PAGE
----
Whenever traffic arrives at port 80 for the domain SUBDOMAIN.DOMAIN.TLD, NGINX will forward the request to each upstream servers defined in the upstream section in a round robin way and thus load balances the traffic. Make sure the hostname for proxy_pass directive must match with upstream module name.

Now check for any syntactical error in the NGINX configuration file and enable the server block. Once done reload NGINX to apply new settings.


# nginx -t
# cd /etc/nginx/sites-enabled/
# ln -s ../sites-available/load_balancer.conf .
# systemctl reload nginx

To test the load balancer, make a CURL query to it. You will find that the load balancer is forwarding the request to each upstream servers one by one in a round robin method thereby load balancing the traffic.

CURL Query To NGINX Load balancer

CURL Query To Loadbalancer

NGINX Load balancing methods

1. Round robin

The round robin scheme distributes the traffic to upstream servers equally and is the default scheme available if you don’t specify any. With this scheme each upstream server is selected one by one in turn according to the order you place them in the configuration file. That means clients request are served by any one of the listed upstream servers. The load balancer that we have configured earlier uses this scheme to choose an upstream server.

2. Least connected

With this scheme, load balancer assigns the request to the upstream server with the least number of active connections. This scheme is useful in a situation when active connection to the upstream server takes some time to complete or an upstream server is overloaded with active connections. To configure the least connected load balancing, add least_conn directive as the first line within the upstream module like below.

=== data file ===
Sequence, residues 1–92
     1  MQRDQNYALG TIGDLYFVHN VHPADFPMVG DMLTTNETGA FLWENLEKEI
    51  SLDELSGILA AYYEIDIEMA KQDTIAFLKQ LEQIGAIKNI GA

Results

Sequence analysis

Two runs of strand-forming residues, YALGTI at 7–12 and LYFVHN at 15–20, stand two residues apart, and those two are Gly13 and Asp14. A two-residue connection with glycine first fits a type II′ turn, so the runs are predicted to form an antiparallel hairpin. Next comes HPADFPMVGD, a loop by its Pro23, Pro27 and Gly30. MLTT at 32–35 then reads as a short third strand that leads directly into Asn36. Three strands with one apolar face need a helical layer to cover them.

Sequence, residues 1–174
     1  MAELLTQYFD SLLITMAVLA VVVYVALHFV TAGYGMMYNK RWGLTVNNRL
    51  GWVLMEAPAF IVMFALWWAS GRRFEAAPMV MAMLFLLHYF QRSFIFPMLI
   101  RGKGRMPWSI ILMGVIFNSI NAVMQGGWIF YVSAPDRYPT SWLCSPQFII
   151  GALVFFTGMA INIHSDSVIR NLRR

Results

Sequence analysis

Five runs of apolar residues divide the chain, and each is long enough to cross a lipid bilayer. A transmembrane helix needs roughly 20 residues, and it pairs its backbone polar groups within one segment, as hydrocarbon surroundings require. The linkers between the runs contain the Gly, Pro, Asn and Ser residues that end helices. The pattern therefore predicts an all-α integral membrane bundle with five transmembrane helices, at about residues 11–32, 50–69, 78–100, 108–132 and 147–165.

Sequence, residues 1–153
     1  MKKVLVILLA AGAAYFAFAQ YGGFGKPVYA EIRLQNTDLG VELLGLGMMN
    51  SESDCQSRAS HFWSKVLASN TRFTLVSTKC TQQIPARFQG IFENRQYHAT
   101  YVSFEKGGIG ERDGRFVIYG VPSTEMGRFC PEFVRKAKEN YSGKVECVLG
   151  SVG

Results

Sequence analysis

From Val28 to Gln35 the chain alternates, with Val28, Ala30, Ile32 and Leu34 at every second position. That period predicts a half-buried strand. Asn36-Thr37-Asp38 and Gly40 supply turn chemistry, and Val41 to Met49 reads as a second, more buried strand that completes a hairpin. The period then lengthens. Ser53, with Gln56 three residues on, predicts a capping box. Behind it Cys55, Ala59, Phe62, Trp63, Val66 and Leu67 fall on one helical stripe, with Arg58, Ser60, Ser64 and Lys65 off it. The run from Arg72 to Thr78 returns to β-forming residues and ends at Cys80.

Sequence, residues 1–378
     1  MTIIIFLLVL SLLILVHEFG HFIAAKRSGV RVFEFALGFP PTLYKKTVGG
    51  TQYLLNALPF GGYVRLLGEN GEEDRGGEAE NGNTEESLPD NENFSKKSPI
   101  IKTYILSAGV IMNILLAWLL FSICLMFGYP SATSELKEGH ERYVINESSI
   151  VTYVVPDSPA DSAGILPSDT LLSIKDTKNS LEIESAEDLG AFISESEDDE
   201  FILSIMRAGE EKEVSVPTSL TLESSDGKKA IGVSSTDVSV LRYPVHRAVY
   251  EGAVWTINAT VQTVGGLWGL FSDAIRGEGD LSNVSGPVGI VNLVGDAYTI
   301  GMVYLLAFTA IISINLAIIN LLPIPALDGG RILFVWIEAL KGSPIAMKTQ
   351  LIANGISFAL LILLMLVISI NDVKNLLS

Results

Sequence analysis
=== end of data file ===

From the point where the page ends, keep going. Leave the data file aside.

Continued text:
upstream wordpress_apps {
   least_conn;
   server 10.0.2.144;
   server 10.0.2.42;
   server 10.0.2.44;
   # add more servers here
}

3. IP Hash

This scheme selects an upstream server by generating a hash value based on the client’s IP address as a key. This allows the request from clients to be forwarded to the same upstream server provided it is available and the clients IP address has not changed. To configure IP hash method of load balancing, add ip_hash directive in the beginning within the upstream module like below.


upstream wordpress_apps {
   ip_hash;
   server 10.0.2.144;
   server 10.0.2.42;
   server 10.0.2.44;
   # add more servers here
}

4. Weighted

The weighted method allows fine-tuning load balancing within the NGINX further. With this scheme, the upstream server with the highest weight is selected most often. This scheme is useful in the situation where the upstream server’s resources are not equal and favors the one with better available resources. To configure weighted load balancing, add weight directive after the URL parameter in the upstream section like below.


upstream wordpress_apps {
   server 10.0.2.144 weight=2; 
   server 10.0.2.42 weight=3;
   server 10.0.2.44 weight=5;
   # add more servers here
}

With the above configuration out of every 10 requests, 2 requests are forwarded to the first server, 3 requests are forwarded to the second server and 5 requests are forwarded to the third server.

Summary

Load balancing with NGINX is relatively simple to set up yet a powerful way to increase throughput and better resource utilization for any web application. Further, load balancing increases the security of web application by placing the upstream servers in a private network. You can now proceed with implementing a load balancer in your environment by choosing a suitable method.

Comments

  1. Rajendra Singh says:

    Do we need to do any configurations of slave servers?